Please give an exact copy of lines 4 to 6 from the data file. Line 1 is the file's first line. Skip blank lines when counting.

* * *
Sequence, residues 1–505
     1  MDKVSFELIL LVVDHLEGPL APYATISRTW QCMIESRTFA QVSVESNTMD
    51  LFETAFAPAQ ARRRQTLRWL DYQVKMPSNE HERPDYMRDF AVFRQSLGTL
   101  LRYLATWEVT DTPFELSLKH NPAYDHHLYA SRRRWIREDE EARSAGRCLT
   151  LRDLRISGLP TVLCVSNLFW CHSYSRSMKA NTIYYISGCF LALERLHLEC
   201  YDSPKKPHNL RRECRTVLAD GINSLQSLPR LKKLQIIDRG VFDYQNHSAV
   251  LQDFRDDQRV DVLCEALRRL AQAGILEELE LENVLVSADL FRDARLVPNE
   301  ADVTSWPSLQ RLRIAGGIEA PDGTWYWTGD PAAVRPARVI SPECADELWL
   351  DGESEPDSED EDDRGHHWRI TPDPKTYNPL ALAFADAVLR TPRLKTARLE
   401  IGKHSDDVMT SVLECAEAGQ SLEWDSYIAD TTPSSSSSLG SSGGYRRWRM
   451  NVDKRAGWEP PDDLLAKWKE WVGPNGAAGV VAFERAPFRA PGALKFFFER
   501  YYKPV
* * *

   101  LRYLATWEVT DTPFELSLKH NPAYDHHLYA SRRRWIREDE EARSAGRCLT
   151  LRDLRISGLP TVLCVSNLFW CHSYSRSMKA NTIYYISGCF LALERLHLEC
   201  YDSPKKPHNL RRECRTVLAD GINSLQSLPR LKKLQIIDRG VFDYQNHSAV